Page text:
Updating a DJ industry standard is risky – we see if Pioneer has improved a classic in our CDJ 2000 Nexus review
There are some brands and products that become such a de-facto standard in their field that their names become interchangeable with every other product of its kind. Hoover and Tannoy are just such brands, and in the DJ world, the CDJ has become the name used by many for all CD-based DJ media players.
The flagship CDJ 2000 has been the industry standard since it launched, but now the new Nexus iteration promises even more. The name suggests fine-tuning and an update rather than a complete overhaul, but how much difference does this update make?
We find out in our CDJ 2000 Nexus Review.
DJ from wide-ranging media, and even wirelessly…
The Pioneer CDJ 2000 Nexus is based on much of the same technology and design as its predecessor. So, it has the same interface, footprint size, jog wheels, excellent display and superb digital to audio conversion. If you’re familiar with the 2000, you shouldn’t have any problems here.
One of the great strengths of the original CDJ 2000 was its versatility. With USB sockets, it could stream audio from USB storage devices in all major file formats, and do the same via CD or SD card, too. It could even be used as a controller for DJ software.
Remarkably, the CDJ 2000 Nexus adds to this functionality. Like other new additions to the Pioneer range, the CDJ 2000 Nexus now has wireless features. However, unlike previous XDJ models, you’ll need to hook up the CDJ to a wireless router with a cable. Once this is done, however, you can enjoy all of the benefits of Pioneer’s Rekordbox software and apps.
If you haven’t come across this before, Rekordbox is a free software package that allows the user to catalogue and edit their music library, setting tempos, cue points, loops and more, before loading it up to your player of choice.
With the launch of its wireless products, Pioneer revealed iOS and Android versions of Rekordbox, which enabled editing to be done on a Smartphone or Tablet, and steamed wirelessly to the DJ rig. Now (via a router) you can do this on the CDJ 2000 Nexus.
Some Rekordbox functionality has now been integrated into the CDJ, too. Waveforms can be zoomed in on, and the beat grid edited- very nice indeed. In addition, there is a whole heap more visible information, too (key, beat countdown etc).
Add to this the Pro DJ link (which allows up to four compatible CDJs and two laptops to be hooked up together via LAN cables, to share libraries) and you have a player that is prepared for just about any situation.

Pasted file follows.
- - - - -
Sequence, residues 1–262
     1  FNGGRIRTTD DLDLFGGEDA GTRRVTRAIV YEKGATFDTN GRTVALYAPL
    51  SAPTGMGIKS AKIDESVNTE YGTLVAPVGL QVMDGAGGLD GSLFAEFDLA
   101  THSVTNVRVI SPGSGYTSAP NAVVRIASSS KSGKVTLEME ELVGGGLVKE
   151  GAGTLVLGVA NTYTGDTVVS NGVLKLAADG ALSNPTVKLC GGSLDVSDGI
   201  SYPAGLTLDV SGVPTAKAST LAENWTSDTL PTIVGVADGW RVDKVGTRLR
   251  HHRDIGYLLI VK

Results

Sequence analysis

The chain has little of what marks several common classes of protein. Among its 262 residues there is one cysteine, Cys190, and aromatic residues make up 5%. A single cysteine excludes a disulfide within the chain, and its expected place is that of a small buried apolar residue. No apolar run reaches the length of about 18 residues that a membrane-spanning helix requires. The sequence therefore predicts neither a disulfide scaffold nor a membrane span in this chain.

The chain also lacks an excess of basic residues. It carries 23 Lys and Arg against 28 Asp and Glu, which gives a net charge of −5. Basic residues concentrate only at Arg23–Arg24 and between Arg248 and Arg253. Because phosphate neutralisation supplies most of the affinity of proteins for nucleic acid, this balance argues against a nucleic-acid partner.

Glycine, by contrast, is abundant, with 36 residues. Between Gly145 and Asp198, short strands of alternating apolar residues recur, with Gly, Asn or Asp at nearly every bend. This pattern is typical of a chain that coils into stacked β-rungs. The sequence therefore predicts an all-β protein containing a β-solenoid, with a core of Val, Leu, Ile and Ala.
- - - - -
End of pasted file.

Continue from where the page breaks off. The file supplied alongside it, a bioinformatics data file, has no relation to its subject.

Technological progression can sometimes make people a bit suspicious- particularly when it does something automatically that previously took a certain amount of skill. The new quantize features here fall into this category.
Now, cue and loop points can be snapped automatically to beatgrid. A beat sync mode allows tempos to be locked to a master across four connected players.
Of course, the naysayers are claiming these make things ‘too easy’. Well, if you don’t like, don’t use it. It does free you to focus of track selection and building your set, however.
The new ‘slip’ mode is also a welcome tempo related touch. This allows the DJ to scratch, and move the jog-wheel whilst the play head continues to progress as normal. When the DJ stops manipulating the jog-wheel, and takes his hand off it, the CDJ jumps to the play head. This makes it really easy to add scratch effects without knocking the track out of timing.
It could be argued that Pioneer really didn’t need to update the CDJ 2000. It was still the first choice of player for pros.
By adding wireless Rekordbox technology, quantize and sync options, and adding further tweaks such as slip mode, and personalisation settings (you can save personal CDJ 2000 Nexus settings to the Rekordbox app, making it possible to upload your preferences to a club or venue’s rig before playing), it has created a unit that is a true alternative to a computer based system.
If you do wish to use a computer, it’s also a great controller, too. The new sync and quantize options (however unwelcome they may be in some quarters) are features available in modern software, as is slip mode.
The wireless functionality, combined with Pro DJ link and controller functionality, makes this one of the most versatile DJing platforms available. A superb interface, and premium sound quality will surely cement the CDJ 2000 Nexus’s position as the new industry standard.
Joe is a contributor for the Dawsons Music blog. Specialising in product reviews and crafting content to help and inspire musicians of all musical backgrounds.